faissal

COLLECTOR PROFILE: Doha, Qatar. “Doha’s skyline is an untamable urban garden of steel and glass skyscrapers, each more futuristic than the next. Yet, just 30 minutes’ drive into the desert quarter of Al Samriya lies a striking fortress, complete with windswept turrets. The thick limestone walls of the Sheikh Faisal Bin Qassim Al Thani Museum keep visitors cool in summer and insulated in winter, while ornately carved wooden shutters are fastened to shield from the intense sun and to fend off would-be invaders. Columns and archways feature ablaq, an Islamic design technique dating back to the ancient Umayyad dynasty showcasing stripes and checkers of dark and light stone.”

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seamless-loop

CATALOGUE TEXT: Dubai, UAE. “Dubai has grown in audacious bursts and daily life surges ahead at a breakneck pace, nearly as quickly as new skyscrapers dot the dusty horizon. With Seamless Loop, Sheikha Wafa Bint Hasher Al Maktoum isolates eight iconic images from the Emirate in distinct screen prints and textile-based embroidery works, presenting staid symbols in highly conceptual form, all circumscribed within the traditional mandala structure.”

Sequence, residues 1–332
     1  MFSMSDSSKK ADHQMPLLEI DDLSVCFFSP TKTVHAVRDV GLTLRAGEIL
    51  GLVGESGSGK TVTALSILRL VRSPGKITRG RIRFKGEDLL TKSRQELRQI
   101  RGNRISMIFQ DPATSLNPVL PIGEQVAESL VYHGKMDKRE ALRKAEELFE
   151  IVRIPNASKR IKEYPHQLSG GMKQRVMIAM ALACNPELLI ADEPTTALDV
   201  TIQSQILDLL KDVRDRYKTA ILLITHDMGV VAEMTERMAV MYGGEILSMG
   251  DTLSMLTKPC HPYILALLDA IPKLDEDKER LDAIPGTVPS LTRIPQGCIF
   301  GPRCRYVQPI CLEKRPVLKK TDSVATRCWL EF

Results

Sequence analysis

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a-certain-shade-of-blue

ARTIST PROFILE: Dubai, UAE. “Drinking from a glass of juice made from mangos heavy on the trees of his own garden, Abdul Qader Al Rais perches on a red leather chair in his home studio, where completed paintings lean against every possible surface, spilling out into the French Rococo-inspired foyer. Behind him is a half-finished watercolor diptych—storm clouds charge across the top half of the canvas in temperamental greys and purples, while the lower portion remains as immaculately blank as the artist’s kandora.”

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and-i-will-i-forget

GALLERY TEXT: DUBAI, UAE. “Where does a memory go after it has left the lips of the living? Does it disappear into the atmosphere like a thin rain? Is it assigned a serial number then stored by a divine keeper of time in a secret safe deposit box, to be retrieved in the future by someone yet to be born? Manal Al Dowayan creates conceptual art out of Mnemophobia: the fear of forgetting and of ultimately being forgotten. At the root of her practice lies a ritual of untangling and classifying memories in order to protect the past.”

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